Illustration: Eniola Odetunde/Axios

The COVID-19 outbreak began weighing on U.S. businesses even before the virus had really begun its spread in the U.S., the Fed's latest beige book shows.

Why it matters: The extent of the outbreak can't yet be quantified, but the report, a collection of anecdotes from the central bank’s business contacts around the country, suggests U.S. firms could be in for a significant slowdown in March.

  • The reporting period for the beige book ended on Feb. 24, two days before the first U.S. case of unknown origin, in which an American was affected without visiting the virus' epicenter or being in contact with a person who had.

What happened: The Fed's report contained 48 mentions of the term "coronavirus," and while the report characterized the U.S. economy as growing at a "modest to moderate pace," it also noted the St. Louis and Kansas City districts, which include 12 Midwestern and Southern states, reported no growth during this period.

What it said: "Consumer spending generally picked up, but growth was uneven across the nation."

  • "Overall, growth in tourism was flat to modest."
  • "There were indications that the coronavirus was negatively impacting travel and tourism in the U.S."
  • "Manufacturing activity expanded in most parts of the country; however, some supply chain delays were reported as a result of the coronavirus and several Districts said that producers feared further disruptions in the coming weeks."

The big picture: The Fed took the highly unusual step of cutting U.S. interest rates by 50 basis points Tuesday in order to soothe markets, but many economists fear the virus could send the country (and potentially the world) into a recession this year.

The bottom line: If quickly contained, the virus' economic impact would be minimal. Fiscal and monetary authorities around the globe are joining together to reduce the virus's impact, but if its spread continues there is limited action policymakers can take.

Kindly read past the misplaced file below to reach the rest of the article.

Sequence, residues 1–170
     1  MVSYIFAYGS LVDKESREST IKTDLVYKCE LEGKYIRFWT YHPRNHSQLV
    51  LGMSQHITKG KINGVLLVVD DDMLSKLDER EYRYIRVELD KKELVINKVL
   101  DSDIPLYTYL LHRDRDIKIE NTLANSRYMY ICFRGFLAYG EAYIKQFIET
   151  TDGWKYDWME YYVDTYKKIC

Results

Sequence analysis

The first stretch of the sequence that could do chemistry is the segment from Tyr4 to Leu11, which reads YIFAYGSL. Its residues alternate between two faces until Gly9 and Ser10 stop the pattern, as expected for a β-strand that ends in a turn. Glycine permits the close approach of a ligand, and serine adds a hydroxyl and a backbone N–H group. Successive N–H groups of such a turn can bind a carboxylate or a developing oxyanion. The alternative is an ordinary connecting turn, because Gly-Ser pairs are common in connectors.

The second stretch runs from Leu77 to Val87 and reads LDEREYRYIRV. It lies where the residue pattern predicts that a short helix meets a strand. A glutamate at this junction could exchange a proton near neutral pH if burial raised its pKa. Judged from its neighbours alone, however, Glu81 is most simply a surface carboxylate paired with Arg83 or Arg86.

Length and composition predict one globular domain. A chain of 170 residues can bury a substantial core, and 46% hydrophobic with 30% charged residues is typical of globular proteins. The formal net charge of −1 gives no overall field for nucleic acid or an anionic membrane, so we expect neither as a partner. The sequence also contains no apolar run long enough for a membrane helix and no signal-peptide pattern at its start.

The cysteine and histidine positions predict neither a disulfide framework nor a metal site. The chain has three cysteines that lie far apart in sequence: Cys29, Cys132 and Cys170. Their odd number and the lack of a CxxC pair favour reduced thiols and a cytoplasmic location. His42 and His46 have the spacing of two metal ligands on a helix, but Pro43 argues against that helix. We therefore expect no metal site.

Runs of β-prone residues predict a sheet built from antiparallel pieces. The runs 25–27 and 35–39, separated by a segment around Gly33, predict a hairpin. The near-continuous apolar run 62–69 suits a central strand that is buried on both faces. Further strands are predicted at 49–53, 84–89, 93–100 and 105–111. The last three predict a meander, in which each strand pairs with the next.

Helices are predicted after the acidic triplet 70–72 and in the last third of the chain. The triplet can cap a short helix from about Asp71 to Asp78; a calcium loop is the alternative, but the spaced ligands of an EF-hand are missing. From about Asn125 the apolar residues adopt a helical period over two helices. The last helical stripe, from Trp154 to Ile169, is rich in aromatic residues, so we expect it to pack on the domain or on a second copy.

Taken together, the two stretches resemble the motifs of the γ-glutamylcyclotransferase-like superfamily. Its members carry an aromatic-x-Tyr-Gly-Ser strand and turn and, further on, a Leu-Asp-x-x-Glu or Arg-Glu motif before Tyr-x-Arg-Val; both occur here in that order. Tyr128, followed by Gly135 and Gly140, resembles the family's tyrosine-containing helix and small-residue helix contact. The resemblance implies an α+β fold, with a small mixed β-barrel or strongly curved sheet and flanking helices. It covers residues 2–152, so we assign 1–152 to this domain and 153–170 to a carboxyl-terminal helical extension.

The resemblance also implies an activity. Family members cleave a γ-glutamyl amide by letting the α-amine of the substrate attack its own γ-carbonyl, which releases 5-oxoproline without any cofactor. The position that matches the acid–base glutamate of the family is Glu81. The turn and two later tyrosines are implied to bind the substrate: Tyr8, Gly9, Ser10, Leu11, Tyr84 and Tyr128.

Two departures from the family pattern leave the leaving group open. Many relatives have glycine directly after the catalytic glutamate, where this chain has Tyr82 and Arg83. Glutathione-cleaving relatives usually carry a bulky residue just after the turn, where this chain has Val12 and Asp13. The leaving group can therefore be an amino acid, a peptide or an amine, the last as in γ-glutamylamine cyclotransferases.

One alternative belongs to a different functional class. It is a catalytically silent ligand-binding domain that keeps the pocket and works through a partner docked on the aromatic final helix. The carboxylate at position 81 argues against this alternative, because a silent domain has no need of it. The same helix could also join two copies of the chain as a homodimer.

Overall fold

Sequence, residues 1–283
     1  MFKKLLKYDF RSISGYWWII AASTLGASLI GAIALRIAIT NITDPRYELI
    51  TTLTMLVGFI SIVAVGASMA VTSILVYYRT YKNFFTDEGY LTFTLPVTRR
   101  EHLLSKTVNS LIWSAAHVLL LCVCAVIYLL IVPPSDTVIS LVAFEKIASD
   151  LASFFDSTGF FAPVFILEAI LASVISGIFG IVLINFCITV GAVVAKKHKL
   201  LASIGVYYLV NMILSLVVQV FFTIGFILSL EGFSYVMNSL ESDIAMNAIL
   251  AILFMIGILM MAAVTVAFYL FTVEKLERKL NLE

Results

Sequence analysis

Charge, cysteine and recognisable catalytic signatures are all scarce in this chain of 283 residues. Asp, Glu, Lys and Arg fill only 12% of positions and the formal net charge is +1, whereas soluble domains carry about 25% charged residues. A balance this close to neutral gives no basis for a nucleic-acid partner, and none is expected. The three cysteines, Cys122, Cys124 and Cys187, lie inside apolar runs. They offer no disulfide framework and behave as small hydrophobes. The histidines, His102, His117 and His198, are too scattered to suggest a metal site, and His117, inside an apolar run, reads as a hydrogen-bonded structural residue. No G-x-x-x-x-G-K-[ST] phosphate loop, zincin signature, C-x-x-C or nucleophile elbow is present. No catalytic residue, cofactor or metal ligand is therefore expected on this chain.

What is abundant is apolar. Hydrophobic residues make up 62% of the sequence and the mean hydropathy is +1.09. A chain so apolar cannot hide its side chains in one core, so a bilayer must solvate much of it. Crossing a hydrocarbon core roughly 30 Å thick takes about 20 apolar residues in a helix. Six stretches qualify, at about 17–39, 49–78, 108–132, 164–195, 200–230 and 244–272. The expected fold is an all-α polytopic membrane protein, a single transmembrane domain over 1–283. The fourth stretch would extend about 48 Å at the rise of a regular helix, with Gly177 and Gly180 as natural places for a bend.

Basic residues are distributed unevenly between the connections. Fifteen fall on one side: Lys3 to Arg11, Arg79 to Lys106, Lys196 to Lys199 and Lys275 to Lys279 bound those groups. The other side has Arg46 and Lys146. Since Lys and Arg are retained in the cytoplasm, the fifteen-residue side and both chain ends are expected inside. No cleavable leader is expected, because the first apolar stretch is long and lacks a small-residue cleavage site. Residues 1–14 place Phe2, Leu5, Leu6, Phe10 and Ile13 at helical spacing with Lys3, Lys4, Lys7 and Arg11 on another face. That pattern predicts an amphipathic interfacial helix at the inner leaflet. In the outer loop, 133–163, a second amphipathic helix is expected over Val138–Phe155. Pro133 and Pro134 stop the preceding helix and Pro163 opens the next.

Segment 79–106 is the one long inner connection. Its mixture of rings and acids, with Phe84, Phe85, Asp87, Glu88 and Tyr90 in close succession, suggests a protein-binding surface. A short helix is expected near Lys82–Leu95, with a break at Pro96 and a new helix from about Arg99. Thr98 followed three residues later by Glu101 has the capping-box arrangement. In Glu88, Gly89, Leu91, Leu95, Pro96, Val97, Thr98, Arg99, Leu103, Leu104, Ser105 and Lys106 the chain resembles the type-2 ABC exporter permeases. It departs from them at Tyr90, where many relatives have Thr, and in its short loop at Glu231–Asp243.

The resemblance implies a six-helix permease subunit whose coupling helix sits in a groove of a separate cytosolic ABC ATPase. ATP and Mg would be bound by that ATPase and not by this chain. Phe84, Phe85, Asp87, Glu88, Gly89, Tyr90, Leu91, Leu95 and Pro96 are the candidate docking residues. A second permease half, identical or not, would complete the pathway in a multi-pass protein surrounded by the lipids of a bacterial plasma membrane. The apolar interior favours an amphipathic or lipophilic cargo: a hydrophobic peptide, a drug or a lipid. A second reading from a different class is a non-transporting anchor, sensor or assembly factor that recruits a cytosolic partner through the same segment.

Go deeper:

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3 hours ago - Sports

Pac-12 will play football this fall, reversing course

A view of Levi's Stadium during the 2019 Pac-12 Championship football game. Photo: Alika Jenner/Getty Images

The Pac-12, which includes universities in Arizona, California, Colorado, Oregon, Utah and Washington state, will play football starting Nov. 6, reversing its earlier decision to postpone the season because of the coronavirus pandemic.

Why it matters: The conference's about-face follows a similar move by the Big Ten last week and comes as President Trump has publicly pressured sports to resume despite the ongoing pandemic. The Pac-12 will play a seven-game conference football season, according to ESPN.

Dave Lawler, author of World
3 hours ago - World

Global coronavirus vaccine initiative launches without U.S. or China

Data: Gavi, The Vaccine Alliance; Map: Naema Ahmed/Axios

A global initiative to ensure equitable distribution of coronavirus vaccines now includes most of the world — but not the U.S., China or Russia.

Why it matters: Assuming one or more vaccines ultimately gain approval, there will be a period of months or even years in which supply lags far behind global demand. The COVAX initiative is an attempt to ensure doses go where they're most needed, rather than simply to countries that can produce or buy them at scale.

Updated 4 hours ago - Politics & Policy

Coronavirus dashboard

Illustration: Sarah Grillo/Axios

  1. Global: Total confirmed cases as of 6:15 p.m. EST: 32,062,182 — Total deaths: 979,701 — Total recoveries: 22,057,268Map.
  2. U.S.: Total confirmed cases as of 6:15 p.m EST: 6,967,103 — Total deaths: 202,558 — Total recoveries: 2,670,256 — Total tests: 97,459,742Map.
  3. Health: Cases are surging again in 22 states — New York will conduct its own review of coronavirus vaccine.
  4. Business: America is closing out its strongest quarter of economic growth.
  5. Technology: 2020 tech solutions may be sapping our resolve to beat the pandemic.
  6. Sports: Here's what college basketball will look like this season.
  7. Science: During COVID-19 shutdown, a common sparrow changed its song.

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